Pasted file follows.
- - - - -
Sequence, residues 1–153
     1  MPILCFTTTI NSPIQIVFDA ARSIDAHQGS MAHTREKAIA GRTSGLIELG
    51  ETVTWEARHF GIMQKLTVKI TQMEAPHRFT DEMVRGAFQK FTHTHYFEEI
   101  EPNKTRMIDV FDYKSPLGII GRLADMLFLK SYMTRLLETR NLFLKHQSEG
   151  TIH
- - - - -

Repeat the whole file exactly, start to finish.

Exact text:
Sequence, residues 1–153
     1  MPILCFTTTI NSPIQIVFDA ARSIDAHQGS MAHTREKAIA GRTSGLIELG
    51  ETVTWEARHF GIMQKLTVKI TQMEAPHRFT DEMVRGAFQK FTHTHYFEEI
   101  EPNKTRMIDV FDYKSPLGII GRLADMLFLK SYMTRLLETR NLFLKHQSEG
   151  TIH